South Korea’s won completed its biggest monthly gain since October 2011 as economic stimulus in China spurred demand for regional equities.
Global funds pumped $4 billion into Korean shares this month, the most since July, as monetary policy eased in the nation’s No. 1 export market. South Korea’s benchmark stock index had its best month since September 2012, while Shanghai’s jumped 19 percent. A gauge of dollar strength retreated for the first time since June as U.S. data pared speculation the Federal Reserve will raise interest rates soon.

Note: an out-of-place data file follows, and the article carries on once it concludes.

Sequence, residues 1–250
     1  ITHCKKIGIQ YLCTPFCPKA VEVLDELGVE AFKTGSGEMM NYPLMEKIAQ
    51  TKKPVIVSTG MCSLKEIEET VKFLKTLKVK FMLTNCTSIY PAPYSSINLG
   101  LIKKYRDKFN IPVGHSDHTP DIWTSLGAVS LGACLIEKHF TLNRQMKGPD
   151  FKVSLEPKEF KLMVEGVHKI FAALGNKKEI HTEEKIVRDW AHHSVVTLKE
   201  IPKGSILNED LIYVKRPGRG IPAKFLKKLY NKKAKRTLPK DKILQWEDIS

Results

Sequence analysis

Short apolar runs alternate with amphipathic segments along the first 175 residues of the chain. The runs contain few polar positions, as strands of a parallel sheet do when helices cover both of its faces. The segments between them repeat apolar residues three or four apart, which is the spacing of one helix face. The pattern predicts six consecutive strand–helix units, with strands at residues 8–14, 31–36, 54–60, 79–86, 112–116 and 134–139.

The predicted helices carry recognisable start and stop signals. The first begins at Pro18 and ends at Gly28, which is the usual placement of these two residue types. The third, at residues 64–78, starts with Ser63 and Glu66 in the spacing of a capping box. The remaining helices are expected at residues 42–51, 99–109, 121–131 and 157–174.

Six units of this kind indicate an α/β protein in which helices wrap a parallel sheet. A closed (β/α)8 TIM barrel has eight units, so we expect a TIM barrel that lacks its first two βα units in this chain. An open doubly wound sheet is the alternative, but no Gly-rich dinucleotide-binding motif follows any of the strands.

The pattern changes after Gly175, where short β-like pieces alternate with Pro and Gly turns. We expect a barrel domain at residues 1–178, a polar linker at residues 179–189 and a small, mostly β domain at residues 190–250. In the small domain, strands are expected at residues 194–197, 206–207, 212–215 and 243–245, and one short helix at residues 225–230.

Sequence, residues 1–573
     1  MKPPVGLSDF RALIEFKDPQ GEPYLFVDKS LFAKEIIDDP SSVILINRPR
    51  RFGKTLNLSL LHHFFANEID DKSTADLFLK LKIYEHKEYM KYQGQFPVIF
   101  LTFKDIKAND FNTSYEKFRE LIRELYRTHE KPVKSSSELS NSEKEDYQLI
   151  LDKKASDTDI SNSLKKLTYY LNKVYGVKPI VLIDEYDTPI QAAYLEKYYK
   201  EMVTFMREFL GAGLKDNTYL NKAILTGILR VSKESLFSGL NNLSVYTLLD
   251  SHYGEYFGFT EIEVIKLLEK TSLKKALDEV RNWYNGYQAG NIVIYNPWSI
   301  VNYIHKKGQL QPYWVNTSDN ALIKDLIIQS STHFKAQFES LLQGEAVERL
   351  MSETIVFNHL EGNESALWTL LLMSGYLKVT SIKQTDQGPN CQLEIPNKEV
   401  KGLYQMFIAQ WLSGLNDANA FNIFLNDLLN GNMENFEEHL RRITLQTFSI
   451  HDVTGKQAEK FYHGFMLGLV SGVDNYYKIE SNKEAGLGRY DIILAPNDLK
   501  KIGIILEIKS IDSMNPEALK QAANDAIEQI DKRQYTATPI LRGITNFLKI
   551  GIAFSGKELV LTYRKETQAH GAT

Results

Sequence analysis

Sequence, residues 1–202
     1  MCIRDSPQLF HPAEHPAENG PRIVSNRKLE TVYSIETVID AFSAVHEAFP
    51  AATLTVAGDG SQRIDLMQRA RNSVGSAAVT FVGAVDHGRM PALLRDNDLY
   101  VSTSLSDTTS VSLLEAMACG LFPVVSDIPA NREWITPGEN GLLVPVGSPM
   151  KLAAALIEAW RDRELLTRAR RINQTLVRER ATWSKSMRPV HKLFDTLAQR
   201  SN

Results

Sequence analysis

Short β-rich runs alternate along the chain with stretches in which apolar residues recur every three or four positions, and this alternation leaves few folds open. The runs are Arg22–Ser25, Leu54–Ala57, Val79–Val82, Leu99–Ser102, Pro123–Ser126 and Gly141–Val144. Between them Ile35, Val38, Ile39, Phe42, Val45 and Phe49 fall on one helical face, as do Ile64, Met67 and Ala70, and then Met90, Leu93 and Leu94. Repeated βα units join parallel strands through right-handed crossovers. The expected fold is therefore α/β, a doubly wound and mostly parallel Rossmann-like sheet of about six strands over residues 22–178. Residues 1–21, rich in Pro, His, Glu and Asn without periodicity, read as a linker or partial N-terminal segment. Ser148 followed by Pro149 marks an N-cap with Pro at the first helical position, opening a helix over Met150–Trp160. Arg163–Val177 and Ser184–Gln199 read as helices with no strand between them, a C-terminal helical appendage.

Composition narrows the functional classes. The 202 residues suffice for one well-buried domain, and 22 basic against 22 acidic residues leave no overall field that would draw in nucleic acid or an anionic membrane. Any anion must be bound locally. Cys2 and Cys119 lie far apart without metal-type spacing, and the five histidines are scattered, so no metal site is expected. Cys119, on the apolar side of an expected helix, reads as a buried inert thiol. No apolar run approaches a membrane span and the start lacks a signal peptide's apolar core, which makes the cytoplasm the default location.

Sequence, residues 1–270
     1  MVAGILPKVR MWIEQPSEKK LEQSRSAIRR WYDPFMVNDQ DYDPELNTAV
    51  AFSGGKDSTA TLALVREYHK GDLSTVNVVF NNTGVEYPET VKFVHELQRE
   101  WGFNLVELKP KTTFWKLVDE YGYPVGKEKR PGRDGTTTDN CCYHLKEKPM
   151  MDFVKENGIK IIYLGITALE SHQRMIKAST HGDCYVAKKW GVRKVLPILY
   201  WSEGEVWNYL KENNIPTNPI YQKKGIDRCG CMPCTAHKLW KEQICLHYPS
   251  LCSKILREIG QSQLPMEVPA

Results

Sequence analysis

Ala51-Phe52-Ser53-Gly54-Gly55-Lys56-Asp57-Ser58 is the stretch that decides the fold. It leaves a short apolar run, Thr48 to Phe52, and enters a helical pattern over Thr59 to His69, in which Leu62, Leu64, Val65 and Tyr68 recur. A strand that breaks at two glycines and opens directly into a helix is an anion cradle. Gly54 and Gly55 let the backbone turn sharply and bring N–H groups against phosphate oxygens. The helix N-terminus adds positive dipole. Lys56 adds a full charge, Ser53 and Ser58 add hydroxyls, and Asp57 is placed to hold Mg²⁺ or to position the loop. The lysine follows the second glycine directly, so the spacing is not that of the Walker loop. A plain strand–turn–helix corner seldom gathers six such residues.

“There’s been some equity inflows as a result of the rebound in Chinese equity markets,” said Sim Moh Siong, a foreign-exchange strategist at Bank of Singapore Ltd. The won’s strength is also due to “a more dovish Fed in response to the weakening U.S. data in the first quarter,” he said.
The won climbed 3.5 percent in April to close at 1,072.29 a dollar in Seoul, data compiled by Bloomberg show. The currency slipped 0.4 percent on Thursday. The Kospi advanced 4.2 percent since March 31.
Government bonds fell this month, with the yield on notes due September 2024 climbing 24 basis points, or 0.24 percentage point, to 2.41 percent, Korea Exchange prices show. The three-year yield rose 12 basis points to 1.84 percent.